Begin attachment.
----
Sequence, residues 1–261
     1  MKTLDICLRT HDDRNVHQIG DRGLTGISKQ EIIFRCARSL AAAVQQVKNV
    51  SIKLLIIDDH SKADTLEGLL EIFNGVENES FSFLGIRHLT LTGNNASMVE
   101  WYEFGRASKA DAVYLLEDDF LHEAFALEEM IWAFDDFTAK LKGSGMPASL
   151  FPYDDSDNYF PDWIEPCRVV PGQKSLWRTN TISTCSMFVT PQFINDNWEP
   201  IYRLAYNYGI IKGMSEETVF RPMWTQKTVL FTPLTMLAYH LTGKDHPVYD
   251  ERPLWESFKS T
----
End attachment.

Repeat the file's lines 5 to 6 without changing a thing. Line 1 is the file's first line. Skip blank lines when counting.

   151  FPYDDSDNYF PDWIEPCRVV PGQKSLWRTN TISTCSMFVT PQFINDNWEP
   201  IYRLAYNYGI IKGMSEETVF RPMWTQKTVL FTPLTMLAYH LTGKDHPVYD